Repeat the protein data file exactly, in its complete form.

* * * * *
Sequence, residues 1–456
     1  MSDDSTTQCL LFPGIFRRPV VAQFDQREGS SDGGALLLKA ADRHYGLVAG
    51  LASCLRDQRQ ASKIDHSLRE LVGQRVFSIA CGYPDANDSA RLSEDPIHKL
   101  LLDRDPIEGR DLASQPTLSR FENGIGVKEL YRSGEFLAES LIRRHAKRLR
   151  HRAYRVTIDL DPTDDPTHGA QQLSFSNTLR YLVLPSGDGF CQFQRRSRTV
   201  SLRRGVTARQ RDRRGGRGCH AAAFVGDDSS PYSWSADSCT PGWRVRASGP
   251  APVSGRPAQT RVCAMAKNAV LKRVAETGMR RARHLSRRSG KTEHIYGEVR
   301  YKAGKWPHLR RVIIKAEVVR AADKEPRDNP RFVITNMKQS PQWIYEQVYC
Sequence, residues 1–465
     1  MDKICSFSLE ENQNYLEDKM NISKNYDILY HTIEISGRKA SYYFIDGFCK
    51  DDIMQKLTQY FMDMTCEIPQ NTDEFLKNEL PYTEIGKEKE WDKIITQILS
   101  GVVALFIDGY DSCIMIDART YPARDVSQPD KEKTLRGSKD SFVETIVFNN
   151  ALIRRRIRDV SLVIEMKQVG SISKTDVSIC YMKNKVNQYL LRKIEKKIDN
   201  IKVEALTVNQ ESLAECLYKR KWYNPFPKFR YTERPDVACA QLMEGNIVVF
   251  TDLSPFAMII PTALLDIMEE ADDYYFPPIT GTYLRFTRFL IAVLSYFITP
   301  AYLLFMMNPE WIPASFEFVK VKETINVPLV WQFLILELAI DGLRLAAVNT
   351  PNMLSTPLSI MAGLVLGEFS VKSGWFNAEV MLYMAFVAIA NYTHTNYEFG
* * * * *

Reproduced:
Sequence, residues 1–456
     1  MSDDSTTQCL LFPGIFRRPV VAQFDQREGS SDGGALLLKA ADRHYGLVAG
    51  LASCLRDQRQ ASKIDHSLRE LVGQRVFSIA CGYPDANDSA RLSEDPIHKL
   101  LLDRDPIEGR DLASQPTLSR FENGIGVKEL YRSGEFLAES LIRRHAKRLR
   151  HRAYRVTIDL DPTDDPTHGA QQLSFSNTLR YLVLPSGDGF CQFQRRSRTV
   201  SLRRGVTARQ RDRRGGRGCH AAAFVGDDSS PYSWSADSCT PGWRVRASGP
   251  APVSGRPAQT RVCAMAKNAV LKRVAETGMR RARHLSRRSG KTEHIYGEVR
   301  YKAGKWPHLR RVIIKAEVVR AADKEPRDNP RFVITNMKQS PQWIYEQVYC
Sequence, residues 1–465
     1  MDKICSFSLE ENQNYLEDKM NISKNYDILY HTIEISGRKA SYYFIDGFCK
    51  DDIMQKLTQY FMDMTCEIPQ NTDEFLKNEL PYTEIGKEKE WDKIITQILS
   101  GVVALFIDGY DSCIMIDART YPARDVSQPD KEKTLRGSKD SFVETIVFNN
   151  ALIRRRIRDV SLVIEMKQVG SISKTDVSIC YMKNKVNQYL LRKIEKKIDN
   201  IKVEALTVNQ ESLAECLYKR KWYNPFPKFR YTERPDVACA QLMEGNIVVF
   251  TDLSPFAMII PTALLDIMEE ADDYYFPPIT GTYLRFTRFL IAVLSYFITP
   301  AYLLFMMNPE WIPASFEFVK VKETINVPLV WQFLILELAI DGLRLAAVNT
   351  PNMLSTPLSI MAGLVLGEFS VKSGWFNAEV MLYMAFVAIA NYTHTNYEFG